Educating people on new law essential to prevent Congress-Maulvi mischief.


The loss of Jharkhand might have been overshadowed by the Muslim stir over the Citizenship Amendment Act, but the two are connected. Both reflect the arrogance and complacency of the top leadership of the ruling party. These and a number of other self-goals could well have been avoided had the decision-making in the government and the party not become a two-man affair. For a party which took great pride in wider consensus, refusing to vest all power even in its biggest vote-getters, giving the carte-blanche to the Modi-Shah duo is beginning to prove costly.

Take the new citizenship law first. Having dispensed with the need to consult its NDA allies, causing much resentment among their leaders, the Home Minister clearly felt himself to be under no obligation to sound the Opposition leaders before springing a surprise in Parliament. An otherwise well-meaning move, which Congress and Communist leaders had repeatedly pressed for, was allowed to fall victim to the ingrained hostility of the Opposition leaders desperate to mount a street challenge to the Modi sarkar.

Aside from the handful of secularist-liberal elements who will have the government to open the borders to all comers, including those persecuted due to their religion, as also to economic refugees, the Constitution does not oblige the rulers, whoever they may be, to bestow the benefit of founding tenets to those outside the territorial boundaries of the country. No one was to be thrown out of India under the new law, only the persecuted groups from three countries were to be given fast track citizenship. That is all. Why burn the country over a humanitarian measure whose ambit could well be extended later to include other groups?

The truth is that having tasted blood, after regaining power in a number of states thanks only to the BJP arrogance and complacency and the generosity of allies, the Congress leadership instigated the already sullen Muslims to cause mayhem. The tell-tale video of a senior party leader directing the party cadres to come armed with diesel to burn down public property is not the only evidence implicating the Congress. There is far more. Of course, the centre of first violent protests, unsurprisingly, was the twin Muslim seats of education in the North.

In the fierce competition for the Muslim vote, other Opposition groups soon jumped into the fray, pouring oil on the smouldering ambers of violent protests. Only a purblind will deny that the Opposition was guilty of feeding the sense of alienation of the Muslims by spreading the canard that CAA was aimed against them. If only Amit Shah had challenged the critics before, and not after, the public eruption, maybe the Mullah-Maulvi-Congress axis would have been denied the opportunity they were eagerly waiting for to burn down the country.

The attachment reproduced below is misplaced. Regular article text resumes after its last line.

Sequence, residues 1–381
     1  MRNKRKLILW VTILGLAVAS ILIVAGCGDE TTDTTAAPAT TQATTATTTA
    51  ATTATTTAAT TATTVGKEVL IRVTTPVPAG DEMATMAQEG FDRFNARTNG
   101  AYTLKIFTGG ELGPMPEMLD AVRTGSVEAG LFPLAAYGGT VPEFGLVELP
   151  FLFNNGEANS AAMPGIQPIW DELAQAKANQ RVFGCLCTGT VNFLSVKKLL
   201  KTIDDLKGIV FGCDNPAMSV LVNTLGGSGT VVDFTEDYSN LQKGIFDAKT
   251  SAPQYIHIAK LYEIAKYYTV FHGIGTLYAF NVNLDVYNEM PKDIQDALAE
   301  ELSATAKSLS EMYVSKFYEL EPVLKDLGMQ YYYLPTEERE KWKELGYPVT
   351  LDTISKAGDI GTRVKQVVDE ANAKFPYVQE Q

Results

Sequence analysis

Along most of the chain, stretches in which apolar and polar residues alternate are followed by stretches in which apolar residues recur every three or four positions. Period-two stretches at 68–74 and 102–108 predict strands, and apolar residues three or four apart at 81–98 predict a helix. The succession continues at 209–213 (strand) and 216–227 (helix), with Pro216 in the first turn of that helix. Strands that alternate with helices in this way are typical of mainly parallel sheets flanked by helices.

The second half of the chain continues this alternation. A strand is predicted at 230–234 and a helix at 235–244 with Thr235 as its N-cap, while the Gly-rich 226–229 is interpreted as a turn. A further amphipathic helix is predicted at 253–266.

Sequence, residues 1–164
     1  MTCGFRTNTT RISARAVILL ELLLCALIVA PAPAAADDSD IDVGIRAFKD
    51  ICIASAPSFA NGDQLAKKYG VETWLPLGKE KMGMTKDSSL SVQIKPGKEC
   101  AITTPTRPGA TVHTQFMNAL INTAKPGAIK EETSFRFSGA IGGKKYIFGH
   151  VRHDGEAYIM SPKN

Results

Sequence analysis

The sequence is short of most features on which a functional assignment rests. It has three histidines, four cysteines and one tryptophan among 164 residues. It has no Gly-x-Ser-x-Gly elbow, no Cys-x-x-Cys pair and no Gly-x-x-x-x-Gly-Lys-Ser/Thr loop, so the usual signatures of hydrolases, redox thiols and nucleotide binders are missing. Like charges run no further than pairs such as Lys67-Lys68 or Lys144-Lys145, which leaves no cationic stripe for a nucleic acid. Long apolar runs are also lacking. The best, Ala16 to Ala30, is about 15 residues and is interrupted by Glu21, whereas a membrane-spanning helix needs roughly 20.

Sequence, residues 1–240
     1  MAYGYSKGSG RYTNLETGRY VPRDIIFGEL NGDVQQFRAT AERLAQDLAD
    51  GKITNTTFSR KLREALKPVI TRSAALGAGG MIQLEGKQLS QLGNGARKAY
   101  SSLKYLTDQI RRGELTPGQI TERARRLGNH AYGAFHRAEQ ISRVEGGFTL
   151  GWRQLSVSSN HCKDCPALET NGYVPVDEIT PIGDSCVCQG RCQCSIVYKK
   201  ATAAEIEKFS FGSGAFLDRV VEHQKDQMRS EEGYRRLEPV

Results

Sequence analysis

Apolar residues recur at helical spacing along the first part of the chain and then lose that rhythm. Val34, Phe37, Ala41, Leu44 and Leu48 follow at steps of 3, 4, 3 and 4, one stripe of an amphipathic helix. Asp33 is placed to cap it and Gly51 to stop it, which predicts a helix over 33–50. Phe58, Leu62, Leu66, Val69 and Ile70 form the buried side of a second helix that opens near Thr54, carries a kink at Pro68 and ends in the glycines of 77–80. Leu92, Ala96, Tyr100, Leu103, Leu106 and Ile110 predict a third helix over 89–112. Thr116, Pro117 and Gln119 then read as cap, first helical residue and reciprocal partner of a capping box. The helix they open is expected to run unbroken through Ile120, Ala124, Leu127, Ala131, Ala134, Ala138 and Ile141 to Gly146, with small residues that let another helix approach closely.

Fortunately, peace seems to be returning fast to the Muslim ghettos, with the authorities maintaining strict watch on the nefarious activities of the Imams and Maulvis, and slapping fines on miscreants for arson and rioting. Now the onus is on the government to educate the misguided and the mischievous about the real objectives of CAA. Of course, TV channels dedicated to the service of the Family will try to aggravate the situation, now shouting about excesses by the UP police. But the truth is, trouble-makers cannot be made to appreciate the obligation of good citizenship any other way. As for the TV channels, when UPA embraces nationwide NPR for 120 crore Indians it goes ga-ga in praise, and if the same NPR is continued by Modi it spews venom and spitfire. But then less said about the television group mortgaged to a big corporate, the better.

As for the loss in Jharkhand, it is a public secret the BJP worked hard for it. Persisting with a Chief Minister who had gained notoriety for being arrogant and corrupt, allowing him to humiliate and throw out senior party colleagues, forcing a valuable ally to part company in bitterness were a few of the gentleman’s excesses. Having got the senior RSS apparatchiks in the state on his side, Raghbur Das did as he liked, and virtually handed over the state to the JMM with the Congress in its train as an opportunistic partner on a platter.

Meanwhile, it will be wrong to extrapolate some of the negative developments to pronounce a premature end to the sway of Modi over the country. The setbacks in fact might persuade him not to lower his guard, to pay attention to the party, and not allow an aggressive Shah to ramrod his will on the party and the nation. Consensus-building is a compulsory 24×7 task for running a diverse and divisive country regardless of the brute majority the government enjoys in Parliament. Modi and Shah need to take a leaf out of the A.B. Vajpayee playbook and try and keep all sections in the polity in good humour. Those unwilling for civil cooperation, like the Gandhis, can be left to their own devious devices.

Postscript: Media pundits tend to invest in some developments more than is warranted. For instance, seeing a parallel in the recent anti-CAA protests is plain, simple day-dreaming of those craving for attention by the present regime. The Navanirman agitation in 1974 was fuelled by the twin incendiaries of uncontrollable price-rise and corruption, both headaches absent in the current situation. Besides, in the 1970s the Opposition was fortunate to have stalwarts like Morarji Desai, Atal Bihari Vajpayee, L.K. Avani, Charan Singh, and a host of others whose struggle and public standing in the country cannot be matched by anyone in the Opposition, certainly not by any in the Gandhi trio desperate to become leaders only by dint of their birth.